Congressman Jeff Van Drew toured 177th Fighter Wing

U.S. Rep. Jeff Van Drew checks out an F-16 with Staff Sgt. Jonathan Paone, of Galloway Township, in July at the 177th Fighter Wing of the New Jersey Air National Guard in Egg Harbor Township.

South Jersey politicians and businessmen are intensifying efforts to convince the Air Force to base the new F-35 fighter jets at the 177th Fighter Wing of the New Jersey Air National Guard at Atlantic City International Airport.

The 177th’s location in the mid-Atlantic is strategically important, as it patrols airspace over major cities from New York to Washington, D.C., supporters of the plan said.

And the facilities are ready to take the latest-generation jets, according to supporters ranging from U.S. Rep. Jeff Van Drew, D-2nd, and state legislators to the Greater Atlantic City Chamber.

“The 177th Fighter Wing has the facilities to maintain and operate 21 fourth- and fifth-generation fighters, including covered parking and a runway of well over 8,000 feet,” Van Drew wrote in an Oct. 25 letter to acting Secretary of the Air Force Matthew Donovan.

In the letter, Van Drew asked Donovan to consider the 177th during the strategic basing process for the next National Guard F-35 main operating base.

Supporters see it as a way of ensuring the base’s future and creating more opportunities in the region, especially as South Jersey seeks to diversify its economy by focusing on aviation technology.

Last Monday, the state Assembly passed a resolution expressing support for bringing F-35s to New Jersey by a vote of 73-0-1. The bill, sponsored by Assemblymen John Armato and Vince Mazzeo, both D-Atlantic; and by Assemblyman Wayne DeAngelo, D-Mercer, Middlesex, was unanimously approved by the Senate in December 2018, and now heads to Gov. Phil Murphy’s desk for signing.

“The 177th Fighter Wing has the strength, expertise and resources to house the F-35 fighter jets,” said Armato. “The facilities have already been designed to accommodate the jets, and the 177th has vast experience in homeland defense and air-to-ground missions.”

The F-35 is the latest fifth-generation fighter, made to replace the military’s aging fleet of F-16 Fighting Falcons and A-10 Thunderbolt II’s, according to the Air Force. They have been the military’s primary fighter jets for more than two decades.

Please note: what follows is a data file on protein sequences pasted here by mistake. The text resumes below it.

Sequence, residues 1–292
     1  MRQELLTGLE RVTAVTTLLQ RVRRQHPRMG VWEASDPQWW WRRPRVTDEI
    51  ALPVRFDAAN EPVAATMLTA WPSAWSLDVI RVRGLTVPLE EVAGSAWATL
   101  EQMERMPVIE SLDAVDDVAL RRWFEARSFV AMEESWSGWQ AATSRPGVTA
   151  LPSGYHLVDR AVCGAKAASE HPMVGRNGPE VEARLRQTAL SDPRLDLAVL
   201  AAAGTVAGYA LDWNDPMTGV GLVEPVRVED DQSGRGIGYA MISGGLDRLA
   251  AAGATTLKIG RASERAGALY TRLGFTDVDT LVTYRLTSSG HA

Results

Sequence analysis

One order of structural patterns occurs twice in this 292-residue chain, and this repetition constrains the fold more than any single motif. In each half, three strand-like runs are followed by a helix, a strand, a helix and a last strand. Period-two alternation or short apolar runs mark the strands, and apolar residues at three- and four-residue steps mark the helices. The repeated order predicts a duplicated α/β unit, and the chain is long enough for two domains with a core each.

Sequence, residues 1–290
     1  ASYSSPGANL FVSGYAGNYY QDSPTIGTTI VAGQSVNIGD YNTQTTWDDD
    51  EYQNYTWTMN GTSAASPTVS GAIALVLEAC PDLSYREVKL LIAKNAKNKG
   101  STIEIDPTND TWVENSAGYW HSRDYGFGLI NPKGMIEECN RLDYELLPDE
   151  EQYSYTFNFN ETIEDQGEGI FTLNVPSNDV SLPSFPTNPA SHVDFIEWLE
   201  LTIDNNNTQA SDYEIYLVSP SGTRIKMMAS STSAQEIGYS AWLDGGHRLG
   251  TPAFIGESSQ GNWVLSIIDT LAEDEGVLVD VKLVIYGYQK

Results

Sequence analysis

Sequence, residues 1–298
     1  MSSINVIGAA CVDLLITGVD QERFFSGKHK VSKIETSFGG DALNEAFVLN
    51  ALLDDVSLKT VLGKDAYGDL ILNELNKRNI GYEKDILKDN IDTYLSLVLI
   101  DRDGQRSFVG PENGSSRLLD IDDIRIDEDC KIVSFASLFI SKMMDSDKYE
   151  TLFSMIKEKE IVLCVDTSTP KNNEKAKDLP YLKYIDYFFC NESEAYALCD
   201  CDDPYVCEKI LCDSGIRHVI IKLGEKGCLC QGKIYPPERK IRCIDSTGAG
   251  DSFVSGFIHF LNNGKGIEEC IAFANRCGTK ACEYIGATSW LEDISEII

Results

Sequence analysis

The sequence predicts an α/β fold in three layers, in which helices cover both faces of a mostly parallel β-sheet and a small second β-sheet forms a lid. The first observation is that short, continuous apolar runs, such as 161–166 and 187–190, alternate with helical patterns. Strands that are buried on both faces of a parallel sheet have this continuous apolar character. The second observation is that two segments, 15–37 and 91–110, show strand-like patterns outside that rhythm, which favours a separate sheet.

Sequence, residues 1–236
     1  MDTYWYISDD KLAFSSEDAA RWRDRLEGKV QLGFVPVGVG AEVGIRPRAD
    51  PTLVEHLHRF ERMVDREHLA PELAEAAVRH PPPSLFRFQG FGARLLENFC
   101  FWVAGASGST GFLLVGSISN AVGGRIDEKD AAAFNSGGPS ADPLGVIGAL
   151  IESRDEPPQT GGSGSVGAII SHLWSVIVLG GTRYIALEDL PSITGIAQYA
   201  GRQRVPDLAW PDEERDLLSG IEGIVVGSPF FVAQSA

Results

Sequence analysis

The one-seat jets provide greater protection through stealth features and a sensor package that gives the pilot more information than any fighter in history, according to the military.

In late October, the Pentagon announced a $34 billion contract with Lockheed Martin for the delivery of 478 of the F-35s.

Just a month earlier, in mid-September, the first two of 20 F-35 jets arrived at the Vermont Air National Guard base in South Burlington. It was the first National Guard unit to get the latest fighters, in a 2016 decision.

Dannelly Field Air Guard Station in Alabama and Truax Air Guard Station in Wisconsin were chosen to get the jets in a 2018 decision.

The jets now used by the 177th are 1986 model F-16s.

“We have kids maintaining planes 20 years older than them,” said Col. Brian Cooper, head of the aircraft maintenance squadron at the 177th, during a tour of the facility for Van Drew in August.

Van Drew said there is one technical issue that concerns some about putting the F-35s in Atlantic City: They take longer to prepare for takeoff, and it’s important that the 177th can scramble into the air quickly to respond to threats around New York City and the nation’s capital.

“F-35s can do a lot more and are much more highly computerized, so to — for lack of a better word — warm them up and get off the ground takes longer,” Van Drew said. “The goal and job of our 177th is to monitor and take care of the Washington, D.C., to New York City corridor, so it needs to be fast.”

Van Drew said he is working with 177th Commander Col. Brad Everman on the issue.

DeAngelo called the 177th “a premier Air National Guard facility” and said the addition of the F-35s would “boost its standing as a critical asset in national security missions,” benefiting the entire state.

Other states are also mounting campaigns to get the new jets.

According to a Nov. 26 story in the Detroit Free Press, members of Michigan’s congressional delegation sent a letter to Air Force Secretary Barbara Barrett, urging her to select Selfridge Air National Guard Base as one of the next F-35 operational bases, if Wisconsin doesn’t want it.

Earlier this month, Madison, Wisconsin, Mayor Satya Rhodes-Conway asked the Pentagon to consider dropping its choice of Truax AGB in Wisconsin for hosting an F-35 squadron.

The mayor stressed concerns about the effects of pollution and noise from the F-35s on Madison’s poorest residents.

Contact: 609-272-7219

Twitter @MichelleBPost

Staff Writer

In my first job after college got paid to read the New York Times and summarize articles for an early online data base. First reporting job was with The Daily Record in Parsippany. I have also worked in nonprofits, and have been with The Press since 1990.

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